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  • FIRST POST
    • castle96
    • By castle96 13th Nov 12, 2:39 PM
    • 1,325Posts
    • 222Thanks
    castle96
    Rates are dropping fast
    • #1
    • 13th Nov 12, 2:39 PM
    Rates are dropping fast 13th Nov 12 at 2:39 PM
    blimey...
    Saga. One day 3% fixed fro a year, the next...all they have is 2.75% fixed for 3 years !
Page 1
    • meunier
    • By meunier 13th Nov 12, 2:47 PM
    • 150 Posts
    • 35 Thanks
    meunier
    • #2
    • 13th Nov 12, 2:47 PM
    • #2
    • 13th Nov 12, 2:47 PM
    A sign of the times I fear. I wonder if they will bounce back by 2016. Of course that will incur another election ... and a crystal ball to answer. That and MORE than a LITTLE hope.

    Perhaps there will be no savers left by that time.

    Perhaps there will be no Great in Britain.

    Time will tell ...
    • Niv
    • By Niv 13th Nov 12, 2:54 PM
    • 1,248 Posts
    • 999 Thanks
    Niv
    • #3
    • 13th Nov 12, 2:54 PM
    • #3
    • 13th Nov 12, 2:54 PM
    A sign of the times I fear. I wonder if they will bounce back by 2016. Of course that will incur another election ... and a crystal ball to answer. That and MORE than a LITTLE hope.

    Perhaps there will be no savers left by that time.

    Perhaps there will be no Great in Britain.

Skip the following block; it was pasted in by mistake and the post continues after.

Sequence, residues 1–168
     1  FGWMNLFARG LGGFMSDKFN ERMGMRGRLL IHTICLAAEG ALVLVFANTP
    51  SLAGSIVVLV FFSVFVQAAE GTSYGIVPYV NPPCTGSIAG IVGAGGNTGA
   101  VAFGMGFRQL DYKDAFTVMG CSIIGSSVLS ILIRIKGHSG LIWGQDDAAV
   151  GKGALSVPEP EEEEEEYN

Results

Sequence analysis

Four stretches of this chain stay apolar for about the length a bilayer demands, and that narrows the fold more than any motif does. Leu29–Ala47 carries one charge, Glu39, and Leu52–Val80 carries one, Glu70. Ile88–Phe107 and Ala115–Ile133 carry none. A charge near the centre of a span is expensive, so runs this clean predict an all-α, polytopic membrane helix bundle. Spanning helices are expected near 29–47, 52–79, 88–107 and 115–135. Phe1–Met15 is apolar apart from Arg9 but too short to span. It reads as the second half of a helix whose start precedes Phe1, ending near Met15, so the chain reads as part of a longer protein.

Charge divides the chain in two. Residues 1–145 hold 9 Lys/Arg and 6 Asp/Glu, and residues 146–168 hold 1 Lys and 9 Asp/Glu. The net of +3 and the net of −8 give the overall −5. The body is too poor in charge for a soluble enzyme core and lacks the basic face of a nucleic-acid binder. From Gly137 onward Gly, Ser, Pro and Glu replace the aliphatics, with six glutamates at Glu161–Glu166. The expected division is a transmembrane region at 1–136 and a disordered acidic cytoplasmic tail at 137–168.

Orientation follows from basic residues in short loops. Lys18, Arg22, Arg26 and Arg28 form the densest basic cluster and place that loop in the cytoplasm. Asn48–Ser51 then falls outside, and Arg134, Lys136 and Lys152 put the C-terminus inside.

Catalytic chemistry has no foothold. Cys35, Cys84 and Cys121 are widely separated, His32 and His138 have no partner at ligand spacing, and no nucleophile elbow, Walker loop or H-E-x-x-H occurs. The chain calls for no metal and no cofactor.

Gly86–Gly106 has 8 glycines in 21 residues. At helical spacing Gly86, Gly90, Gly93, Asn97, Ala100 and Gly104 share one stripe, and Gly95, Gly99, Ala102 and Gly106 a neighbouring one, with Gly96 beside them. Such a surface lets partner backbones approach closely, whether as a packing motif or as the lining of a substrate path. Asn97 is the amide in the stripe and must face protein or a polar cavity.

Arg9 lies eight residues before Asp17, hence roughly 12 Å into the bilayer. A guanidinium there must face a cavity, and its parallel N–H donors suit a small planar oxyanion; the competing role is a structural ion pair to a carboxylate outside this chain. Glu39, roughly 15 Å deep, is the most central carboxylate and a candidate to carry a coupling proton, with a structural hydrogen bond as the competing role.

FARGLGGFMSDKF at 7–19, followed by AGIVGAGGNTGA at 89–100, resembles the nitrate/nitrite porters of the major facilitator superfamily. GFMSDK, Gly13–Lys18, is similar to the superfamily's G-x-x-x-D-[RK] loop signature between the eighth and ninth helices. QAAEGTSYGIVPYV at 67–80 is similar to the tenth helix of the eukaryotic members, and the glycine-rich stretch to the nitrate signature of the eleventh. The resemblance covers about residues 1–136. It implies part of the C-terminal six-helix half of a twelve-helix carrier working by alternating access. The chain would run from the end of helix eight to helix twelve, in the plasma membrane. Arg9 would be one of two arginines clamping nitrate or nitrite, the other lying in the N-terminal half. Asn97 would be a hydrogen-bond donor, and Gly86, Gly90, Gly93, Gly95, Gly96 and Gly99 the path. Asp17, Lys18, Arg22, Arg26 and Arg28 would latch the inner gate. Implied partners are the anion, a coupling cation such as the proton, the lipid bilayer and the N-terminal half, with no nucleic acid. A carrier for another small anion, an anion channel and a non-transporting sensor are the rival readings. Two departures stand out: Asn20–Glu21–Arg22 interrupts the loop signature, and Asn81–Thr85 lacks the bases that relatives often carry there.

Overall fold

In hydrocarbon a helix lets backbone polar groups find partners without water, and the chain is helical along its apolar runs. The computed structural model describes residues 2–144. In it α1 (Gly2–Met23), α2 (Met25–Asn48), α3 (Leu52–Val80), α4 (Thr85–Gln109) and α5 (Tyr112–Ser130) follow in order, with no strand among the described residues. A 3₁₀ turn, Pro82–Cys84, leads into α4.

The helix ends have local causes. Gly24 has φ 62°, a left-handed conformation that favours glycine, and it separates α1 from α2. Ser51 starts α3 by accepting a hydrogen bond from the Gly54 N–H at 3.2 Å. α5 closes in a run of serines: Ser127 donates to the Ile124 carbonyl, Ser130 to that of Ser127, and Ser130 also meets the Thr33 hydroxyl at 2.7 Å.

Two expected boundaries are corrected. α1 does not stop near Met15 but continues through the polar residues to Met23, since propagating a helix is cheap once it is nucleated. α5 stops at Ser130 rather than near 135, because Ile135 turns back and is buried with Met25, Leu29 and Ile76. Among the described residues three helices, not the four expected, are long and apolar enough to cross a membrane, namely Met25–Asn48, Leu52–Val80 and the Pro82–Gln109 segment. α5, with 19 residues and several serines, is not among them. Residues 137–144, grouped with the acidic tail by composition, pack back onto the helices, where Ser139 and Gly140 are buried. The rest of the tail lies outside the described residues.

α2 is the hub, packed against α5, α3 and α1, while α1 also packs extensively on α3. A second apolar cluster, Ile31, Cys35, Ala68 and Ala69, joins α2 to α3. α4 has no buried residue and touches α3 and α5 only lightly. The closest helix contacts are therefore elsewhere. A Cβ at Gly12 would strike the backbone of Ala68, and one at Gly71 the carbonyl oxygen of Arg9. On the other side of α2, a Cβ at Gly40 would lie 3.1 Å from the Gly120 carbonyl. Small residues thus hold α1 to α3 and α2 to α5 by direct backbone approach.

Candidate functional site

Time will tell ...
    Originally posted by meunier
    You could be right, we could have got rid of the scots and be Greater Britain
    YNWA

    Mortgage free by 38.
    • talexuser
    • By talexuser 13th Nov 12, 6:09 PM
    • 1,819 Posts
    • 1,293 Thanks
    talexuser
    • #4
    • 13th Nov 12, 6:09 PM
    • #4
    • 13th Nov 12, 6:09 PM
    Well the banks got bailed out with a promise to lend to business to fend off a recession, which they then failed to do, so the Government now prints money to lend to banks to lend to business to fend off a recession, so the banks don't need to compete for savings so offer even lower rates than before (now that inflation has come down a little) to make it even harder to have cash savings that don't lose value, so we are supposed to spend all our savings to fend off a recession, but are supposed to have no wage increases and a lowering standard of living with less back from our taxes and savings that lose value.... life can only get better
  • opinions4u
    • #5
    • 13th Nov 12, 6:45 PM
    • #5
    • 13th Nov 12, 6:45 PM
    Well the banks got bailed out with a promise to lend to business to fend off a recession, which they then failed to do
    Originally posted by talexuser
    Not being funny, but telling banks who have lent badly and lost £billions to lend even more was always a bit stupid.

    Only a stupid politician could tell a stupid bank to behave even more stupidly.
    • Glen Clark
    • By Glen Clark 13th Nov 12, 7:56 PM
    • 3,188 Posts
    • 2,282 Thanks
    Glen Clark
    • #6
    • 13th Nov 12, 7:56 PM
    • #6
    • 13th Nov 12, 7:56 PM
    Not being funny, but telling banks who have lent badly and lost £billions to lend even more was always a bit stupid.

    Only a stupid politician could tell a stupid bank to behave even more stupidly.